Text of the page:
But like the Mesoamerican Reef, the Chesapeake Bay that was so much a part of my young life has been affected by overpopulation, overfishing and industrial development. In 2008, at the urging of local officials and members of Congress, the U.S. Commerce Department declared the crab fishery in the Bay a federal disaster. The numbers have not yet recovered.
The big difference between my life and those that live along the Mesoamerican Reef is that my entire livelihood does not depend on the sea. I have options. Yet for many of the communities our team visited, fishing was the only way to make a living.
However, efforts are being made to help communities diversify their livelihood. One of the first communities I visited with the CEM team was Salada Barra, a small fishing community inside the Parque Nacional Cuero y Salado Marine Reserve, through which the Rio San Juan flows. The reserve is west of the coastal city of La Ceba. Our mission there was to show the diversity of marine life among the mangroves and the interdependency of the marine area and the community that lives in the middle of it. I hoped to photograph life in the village. However, not all went as planned. Fishing was problematic as many fish were too far from shore for the men to go after. So many fishermen were home, helping their wives with collecting firewood, tending their gardens or fixing their nets.
However it was clear that environmental organizations helped the overall health of this particular community. Local NGOS working in this area had established conservation projects including preserving the reefs, replenishing the mangroves, and protecting the manatees found in these waters. These efforts paved the way for other groups to provide social improvements. A high school class was added for the first time. Older students didn’t have to go away from home if they wanted to continue their education after elementary school. Visiting doctors and nurses came once a month to provide maternal and childcare, vaccinate school kids and look at other health concerns. We ran into a team of veterinarian technicians looking for dogs and cats to vaccinate for rabies. This especially impressed me since rabid dogs are fairly common in underdeveloped areas. These services are remarkable considering how remote this village is.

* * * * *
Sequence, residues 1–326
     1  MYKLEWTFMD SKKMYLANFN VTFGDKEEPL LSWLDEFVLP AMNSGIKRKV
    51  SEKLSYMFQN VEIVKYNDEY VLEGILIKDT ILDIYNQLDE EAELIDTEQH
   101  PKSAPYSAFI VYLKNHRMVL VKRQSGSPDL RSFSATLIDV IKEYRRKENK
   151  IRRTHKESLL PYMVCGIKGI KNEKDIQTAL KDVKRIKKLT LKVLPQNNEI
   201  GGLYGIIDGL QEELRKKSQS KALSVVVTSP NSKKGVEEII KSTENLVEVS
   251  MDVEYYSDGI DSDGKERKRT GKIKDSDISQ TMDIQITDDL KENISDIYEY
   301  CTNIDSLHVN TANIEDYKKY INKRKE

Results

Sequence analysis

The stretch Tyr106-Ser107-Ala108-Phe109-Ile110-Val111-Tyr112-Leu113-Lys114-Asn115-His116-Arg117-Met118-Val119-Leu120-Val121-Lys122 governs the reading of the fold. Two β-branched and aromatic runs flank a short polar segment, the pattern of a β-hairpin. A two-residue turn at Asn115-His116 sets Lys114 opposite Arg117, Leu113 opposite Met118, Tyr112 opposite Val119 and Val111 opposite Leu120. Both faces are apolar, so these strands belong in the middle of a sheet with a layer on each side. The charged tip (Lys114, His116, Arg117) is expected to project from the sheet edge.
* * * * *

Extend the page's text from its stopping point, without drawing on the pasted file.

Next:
There is no easy way to access Salada Barra. The only way to get in and out of this village is aboard an old produce train that used to carry coconuts, pineapples and bananas out of the area to various markets. The ride is 35 minutes each way. Although this was once a large plantation region, the agricultural industry is in decline and few coconuts are shipped out these days. They are developing a small tourist industry with a nice visitor center built by USAID. The hope is to bring people in via the small train to tour the marine reserve, see manatees, and eat fried fish cooked in local homes and served on tables outside.
No one project single-handedly improves lives in these fishing villages, but the collective effect of all of them gradually pushes the communities towards a healthier and more empowering life.
Fishing is still central to this community. But they feel pressures from communities on both sides of them who illegally drag fishing nets along the shoreline catching all sizes of fish and other sea life. Although good laws are in place, enforcing them remains a continual challenge.
Salada Barra was one of many communities along the Bay Islands region visited by the iLCP team. Some were more developed than others but all faced the same pressures of a declining fishery industry and a threatened reef system. Though I didn’t speak Spanish, I knew these people’s concerns because those of us raised by the sea speak the same language.